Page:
A Musical Reprise for Robert Shafer
Saturday, September 1, 2007
A year after his surprise dismissal from the leadership of the Washington Chorus, which he had conducted for more than three decades, Robert Shafer has been named artistic director of the City Choir of Washington, a new 90-voice chorus that will make its debut this fall.
The group's first concert -- a performance of Handel's exuberant oratorio "Solomon" -- will take place Nov. 16 at the Rachel M. Schlesinger Concert Hall in Alexandria. There will be two further appearances in its inaugural season: "A Baroque Christmas" on Dec. 21, also at Schlesinger, and, on April 17, 2008, a presentation of the "Vespers of 1610" by Claudio Monteverdi at the Music Center at Strathmore.
Shafer's departure from the Washington Chorus was announced to the 215 members of that ensemble over Labor Day weekend last year in the form of a letter from board Chairman Catherine French announcing that Shafer would be stepping down. Shafer immediately made it known that his departure was not voluntary.
Over the past year, opinion within the Washington Chorus about Shafer's removal has been bitterly divided, and at least two dozen members left the group. Rumors of a new ensemble to be headed by Shafer were abundant almost from the start, although nobody was willing to speak on the record until yesterday.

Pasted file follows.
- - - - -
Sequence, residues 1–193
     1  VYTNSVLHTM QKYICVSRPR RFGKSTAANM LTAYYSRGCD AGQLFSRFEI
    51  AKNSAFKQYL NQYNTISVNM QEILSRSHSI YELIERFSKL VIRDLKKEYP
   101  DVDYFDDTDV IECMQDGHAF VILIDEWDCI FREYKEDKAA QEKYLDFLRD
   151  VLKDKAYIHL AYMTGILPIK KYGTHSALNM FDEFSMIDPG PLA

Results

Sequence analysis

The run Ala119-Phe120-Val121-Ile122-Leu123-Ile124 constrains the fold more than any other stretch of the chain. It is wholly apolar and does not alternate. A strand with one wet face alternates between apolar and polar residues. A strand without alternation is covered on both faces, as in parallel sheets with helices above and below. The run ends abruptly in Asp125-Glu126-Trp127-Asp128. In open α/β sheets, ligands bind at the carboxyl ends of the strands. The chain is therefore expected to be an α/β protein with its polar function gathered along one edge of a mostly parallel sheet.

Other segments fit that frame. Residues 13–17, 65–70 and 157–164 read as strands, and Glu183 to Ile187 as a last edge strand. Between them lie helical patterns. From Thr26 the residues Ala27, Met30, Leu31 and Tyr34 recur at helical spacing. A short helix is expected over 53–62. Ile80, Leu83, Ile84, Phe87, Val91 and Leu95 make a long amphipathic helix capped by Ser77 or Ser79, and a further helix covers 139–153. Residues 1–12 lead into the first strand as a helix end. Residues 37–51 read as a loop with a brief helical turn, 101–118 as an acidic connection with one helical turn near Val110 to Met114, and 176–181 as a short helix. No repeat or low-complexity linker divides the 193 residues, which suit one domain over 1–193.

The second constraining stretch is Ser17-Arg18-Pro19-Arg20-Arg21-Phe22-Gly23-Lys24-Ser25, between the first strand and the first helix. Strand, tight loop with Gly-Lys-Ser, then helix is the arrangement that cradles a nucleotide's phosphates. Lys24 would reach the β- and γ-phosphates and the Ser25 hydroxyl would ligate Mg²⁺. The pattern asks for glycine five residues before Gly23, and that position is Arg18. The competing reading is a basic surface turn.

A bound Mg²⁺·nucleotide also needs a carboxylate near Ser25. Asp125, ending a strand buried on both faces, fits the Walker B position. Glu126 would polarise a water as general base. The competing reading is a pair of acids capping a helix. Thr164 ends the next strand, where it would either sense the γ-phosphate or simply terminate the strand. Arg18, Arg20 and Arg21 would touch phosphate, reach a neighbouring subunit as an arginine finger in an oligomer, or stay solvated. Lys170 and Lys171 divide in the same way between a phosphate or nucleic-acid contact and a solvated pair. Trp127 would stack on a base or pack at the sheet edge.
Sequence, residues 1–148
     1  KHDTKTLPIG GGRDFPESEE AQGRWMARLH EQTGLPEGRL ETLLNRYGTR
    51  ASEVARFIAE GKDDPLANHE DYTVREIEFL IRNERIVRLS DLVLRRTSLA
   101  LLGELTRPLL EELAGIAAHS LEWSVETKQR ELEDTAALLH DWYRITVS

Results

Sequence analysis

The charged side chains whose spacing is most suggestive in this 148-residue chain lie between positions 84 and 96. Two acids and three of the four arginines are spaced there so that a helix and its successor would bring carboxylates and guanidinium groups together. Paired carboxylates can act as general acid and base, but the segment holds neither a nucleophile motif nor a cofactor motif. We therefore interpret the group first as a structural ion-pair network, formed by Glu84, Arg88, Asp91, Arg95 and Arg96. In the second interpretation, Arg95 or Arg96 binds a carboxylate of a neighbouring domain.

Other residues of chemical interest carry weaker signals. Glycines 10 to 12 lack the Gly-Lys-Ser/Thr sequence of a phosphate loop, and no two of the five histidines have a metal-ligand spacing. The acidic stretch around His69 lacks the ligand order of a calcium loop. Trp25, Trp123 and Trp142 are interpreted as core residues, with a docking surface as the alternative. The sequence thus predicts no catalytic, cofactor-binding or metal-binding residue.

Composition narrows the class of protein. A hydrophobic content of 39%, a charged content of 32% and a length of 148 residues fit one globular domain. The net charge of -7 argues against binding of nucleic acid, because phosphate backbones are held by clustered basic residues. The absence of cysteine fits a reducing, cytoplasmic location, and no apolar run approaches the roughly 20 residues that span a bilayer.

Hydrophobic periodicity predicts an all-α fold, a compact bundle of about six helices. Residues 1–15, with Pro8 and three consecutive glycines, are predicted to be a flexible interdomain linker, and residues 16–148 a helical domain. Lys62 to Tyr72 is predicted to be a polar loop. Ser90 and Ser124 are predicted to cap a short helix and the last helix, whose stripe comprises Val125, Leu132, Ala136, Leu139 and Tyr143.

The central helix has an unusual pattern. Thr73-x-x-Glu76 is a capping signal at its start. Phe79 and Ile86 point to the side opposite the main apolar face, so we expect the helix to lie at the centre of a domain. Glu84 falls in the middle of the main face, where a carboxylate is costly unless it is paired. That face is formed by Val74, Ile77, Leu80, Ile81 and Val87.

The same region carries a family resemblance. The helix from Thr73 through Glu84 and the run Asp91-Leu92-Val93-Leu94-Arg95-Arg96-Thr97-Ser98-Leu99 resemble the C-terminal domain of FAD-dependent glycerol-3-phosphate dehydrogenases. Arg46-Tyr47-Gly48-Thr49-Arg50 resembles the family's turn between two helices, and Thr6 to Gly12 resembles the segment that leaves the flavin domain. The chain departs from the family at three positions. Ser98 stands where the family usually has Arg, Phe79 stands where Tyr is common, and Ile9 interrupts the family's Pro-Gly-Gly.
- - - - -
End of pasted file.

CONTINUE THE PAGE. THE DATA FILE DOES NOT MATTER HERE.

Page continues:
The City Choir of Washington will be a volunteer chorus with no dues. Kathryn Tidyman, president of the choir's board, described it yesterday as "a chorus for the people, by the people."
Shafer was not available to comment, but he said in a statement that it would be "tremendously satisfying to work with the members of the City Choir of Washington. These men and women, from all walks of life, were chosen for their voices and extensive choral experience. But they also share a dedication to a single goal: to bring the very highest level of artistry to our performances of the great choral masterworks."
Shafer began his work with the Washington Chorus -- then called the Oratorio Society of Washington -- in 1971, when he was 25 years old. Before that, he had studied at Catholic University and then went on to work in France with the legendary pedagogue Nadia Boulanger, whose pupils ranged from Aaron Copland and Virgil Thomson in the 1920s to Philip Glass in the 1960s. There, Shafer won first prize in composition at the Conservatoire Americain.
Under his direction, the chorus appeared regularly with the National Symphony Orchestra, including a concert performance of Mussorgsky's "Boris Godunov" under Mstislav Rostropovich. In 2000, the Washington Chorus won a Grammy Award for best choral performance for its recording of Benjamin Britten's "War Requiem."
"We wish Robert Shafer and his new choral organization the very best," French said in a statement yesterday. "With increased choral activity in the area, the real beneficiaries are the enthusiastic audiences for choral music for which Washington is so well-known."